Tuesday, July 14, 2009

SwirlSavvy's New Wine Column on Culinate

It's official! I have my first regular wine column. I'll be writing "Swirl," a fun Q&A wine column for a food and cooking-oriented community/social network site called Culinate. It's one of domestic goddess Rachael Ray's favorite sites and I hope it becomes one of yours too.

The first column "Making a good bottle choice" is included below. Send over questions you'd like addressed in the column. And again, thanks for your support.

I got hooked on wine while living in San Francisco. After moving there, I quickly began spending as much time as possible (without raising eyebrows) in Napa and Sonoma counties. Shortly after discovering this new world, I fell in love with how passionate everyone in the industry is about wine — from winemakers to vineyard caretakers to the people who poured the wine in tasting rooms.

Wine wasn’t something they learned about and drank to impress their friends or colleagues. Instead, they believed, as I do now, that wine is something of the earth, which makes us slow down, at least for a bit, to take time truly to commune with others.

And most importantly, wine is simply a soulful and delicious thing to drink.

With this in mind, I’d like Swirl to take the intimidation out of wine and add more fun and adventure to the subject. As a food-loving friend of Culinate, I’m eager to answer your wine-related questions, whether related to entertaining, food pairing, what to try, how to order — whatever’s on your mind. To get this Q&A format going, please send your questions to me at Anu [at] SwirlEvents [dot] com.

How to be sure to pick a good wine

To kick off, I’d like to address one of the most commonly asked questions: “How do I make sure a wine I pick is going to be good without tasting it?”

We have so many choices in wine, whether in a restaurant or in the supermarket aisles, and we can’t “try wine on” before paying for it the way we would a new pair of shoes. Picking the “right” bottle can give some of us the trepidation we normally experience in a used-car lot.

Many of us choose wine based on a label we find familiar or attractive, and make a beeline out of the store, praying the bottle is good enough to go with the elaborate dinner we’ve planned.

Here are some methods to deal with the madness:

  1. Know the importer. There are a healthy handful of great wine importers that scour the back roads of tiny villages across the world to find the best international bottles (tough job, eh?). You’re nearly certain to pick a worthy bottle by choosing one of their selections. Some of my favorite importers include Kermit Lynch, Michael Skurnik, Louis Dressner, Jenny & Francois (great for natural/organic), Terry Theise, Becky Wasserman, and Rosenthal.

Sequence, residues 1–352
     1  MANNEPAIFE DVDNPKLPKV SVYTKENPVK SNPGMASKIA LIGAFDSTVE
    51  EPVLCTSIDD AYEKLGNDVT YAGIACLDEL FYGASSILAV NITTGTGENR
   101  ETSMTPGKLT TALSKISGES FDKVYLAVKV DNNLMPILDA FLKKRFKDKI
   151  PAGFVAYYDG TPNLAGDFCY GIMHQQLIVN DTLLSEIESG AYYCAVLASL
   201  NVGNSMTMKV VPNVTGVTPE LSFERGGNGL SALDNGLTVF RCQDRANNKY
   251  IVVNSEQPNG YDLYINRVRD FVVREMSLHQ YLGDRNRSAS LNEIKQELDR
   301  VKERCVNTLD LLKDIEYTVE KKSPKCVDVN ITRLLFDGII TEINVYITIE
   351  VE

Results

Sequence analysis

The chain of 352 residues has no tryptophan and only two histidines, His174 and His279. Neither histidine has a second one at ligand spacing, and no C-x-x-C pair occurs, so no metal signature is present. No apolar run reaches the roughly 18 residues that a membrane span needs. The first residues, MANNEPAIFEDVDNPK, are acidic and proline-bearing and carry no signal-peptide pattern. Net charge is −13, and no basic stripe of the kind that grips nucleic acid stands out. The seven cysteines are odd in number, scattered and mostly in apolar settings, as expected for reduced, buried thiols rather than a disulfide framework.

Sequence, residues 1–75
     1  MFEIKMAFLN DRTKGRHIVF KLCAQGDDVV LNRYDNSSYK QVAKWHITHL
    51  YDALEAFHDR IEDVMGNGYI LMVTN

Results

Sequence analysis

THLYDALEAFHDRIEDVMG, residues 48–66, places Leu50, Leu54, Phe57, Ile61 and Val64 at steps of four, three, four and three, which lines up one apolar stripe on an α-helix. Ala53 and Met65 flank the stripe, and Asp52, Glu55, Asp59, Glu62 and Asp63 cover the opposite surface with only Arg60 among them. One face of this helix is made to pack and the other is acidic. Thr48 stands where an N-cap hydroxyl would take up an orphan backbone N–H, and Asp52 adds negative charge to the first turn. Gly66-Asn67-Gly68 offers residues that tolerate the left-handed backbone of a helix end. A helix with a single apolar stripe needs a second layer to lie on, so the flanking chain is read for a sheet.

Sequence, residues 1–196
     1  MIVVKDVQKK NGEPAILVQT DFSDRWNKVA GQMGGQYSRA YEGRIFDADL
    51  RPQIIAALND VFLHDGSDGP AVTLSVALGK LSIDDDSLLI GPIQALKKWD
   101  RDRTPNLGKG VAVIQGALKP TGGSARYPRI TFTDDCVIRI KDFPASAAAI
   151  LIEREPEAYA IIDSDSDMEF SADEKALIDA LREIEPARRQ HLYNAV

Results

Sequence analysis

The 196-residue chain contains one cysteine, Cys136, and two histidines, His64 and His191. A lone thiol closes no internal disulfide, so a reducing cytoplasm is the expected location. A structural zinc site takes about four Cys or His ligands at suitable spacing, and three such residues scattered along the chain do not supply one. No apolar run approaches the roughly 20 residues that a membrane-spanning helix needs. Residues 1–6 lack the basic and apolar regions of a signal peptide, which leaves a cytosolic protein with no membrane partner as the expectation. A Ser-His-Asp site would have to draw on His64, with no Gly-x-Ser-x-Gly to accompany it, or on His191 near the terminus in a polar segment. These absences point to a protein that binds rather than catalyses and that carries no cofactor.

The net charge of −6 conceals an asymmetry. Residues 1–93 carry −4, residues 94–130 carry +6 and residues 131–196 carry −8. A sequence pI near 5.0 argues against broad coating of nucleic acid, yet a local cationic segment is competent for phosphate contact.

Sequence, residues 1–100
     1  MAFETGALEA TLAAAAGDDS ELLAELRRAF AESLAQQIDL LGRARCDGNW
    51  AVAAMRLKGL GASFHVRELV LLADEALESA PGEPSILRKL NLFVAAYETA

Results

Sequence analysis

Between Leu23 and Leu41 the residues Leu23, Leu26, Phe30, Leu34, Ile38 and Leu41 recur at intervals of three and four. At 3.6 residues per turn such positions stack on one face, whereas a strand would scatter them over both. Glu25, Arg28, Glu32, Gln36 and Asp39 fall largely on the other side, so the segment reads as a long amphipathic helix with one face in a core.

2. Establish your go-to shop. I prefer shopping in small wine shops. When shelf space is precious, each bottle needs to earn its keep. Plus, a small wine shop doesn’t make me glaze over like the superstores do. A good wine shop’s staff should be well-educated about wine in general, and very knowledgeable about their particular selection. Keep going to the same store so the staff learns your preferences. And most importantly, make your preferences known. Remember one good bottle you had recently and be able to describe your experience. You don’t have to have remembered the producer or vintage. If you can say, “I recently loved this white wine because it was really fresh and tasted zippy in my mouth,” or “I’ve had a few Oregon Pinot Noirs and really enjoyed them, but want to try something a bit different,” you give the staff a lot to go on about your tastes.
  3. Expand your horizons, slightly. Generally like Chardonnay? Then try its “Old World” (i.e., European) equivalent, white Burgundy. It’s the same grape, but Old World convention names the wine by its region of origin instead of by the varietal (grape) name. A few more equivalents to get you started: Pinot Noir = red Burgundy; Cabernet/Merlot = Bordeaux (red); Sauvignon Blanc/Semillon = Bordeaux (white); Sancerre and Pouilly-Fuissé, Sangiovese = Chianti.

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How to Pick a Summer Wine: The Gentler, Lighter Side of Wine

Summer’s soaring temps beg you to step away from heavy Cabernets and check out the gentler, lighter side of wine. When choosing the perfect summer wine for your outdoor engagement party or wedding, think light, crisp, refreshing--and because people tend to drink more in the heat--lower in alcohol. Nothing more prettily suggests summer than a dry (i.e. not sweet) rose. Avoid the simple, syrupy versions and try French roses from the Mourvèdre grape or roses made using the Saignee method for more complexity. Pick wines from countries where you imagine the locals sipping leisurely at sidewalk cafés while basking in the sun, like Spain. A Spanish fave is Albarino from the Rias Baixas region. Made to drink young, Albarino is a crisp, white wine with intense fruit, lively acidity and generally a lower level of alcohol. It pairs perfectly with summer foods from seafood to grilled vegetables. But you don’t need to swear off red wine for summer. Look for light bodied wines like Pinot Noir from Oregon or a Valpolicella from Italy, both capable of standing up to barbequed foods. And don’t be afraid to put a slight chill on your red wine. It is summer after all!